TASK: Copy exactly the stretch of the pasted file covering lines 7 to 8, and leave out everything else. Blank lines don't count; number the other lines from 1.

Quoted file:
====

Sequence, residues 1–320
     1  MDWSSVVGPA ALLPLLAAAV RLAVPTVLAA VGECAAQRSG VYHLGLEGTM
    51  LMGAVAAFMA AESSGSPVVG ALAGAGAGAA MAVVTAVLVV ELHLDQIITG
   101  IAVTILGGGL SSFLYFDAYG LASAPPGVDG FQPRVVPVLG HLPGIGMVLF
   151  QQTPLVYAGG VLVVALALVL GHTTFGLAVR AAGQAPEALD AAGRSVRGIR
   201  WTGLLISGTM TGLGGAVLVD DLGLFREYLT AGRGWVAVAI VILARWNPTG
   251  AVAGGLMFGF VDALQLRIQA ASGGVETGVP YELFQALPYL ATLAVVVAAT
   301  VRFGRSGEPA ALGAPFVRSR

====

   251  AVAGGLMFGF VDALQLRIQA ASGGVETGVP YELFQALPYL ATLAVVVAAT
   301  VRFGRSGEPA ALGAPFVRSR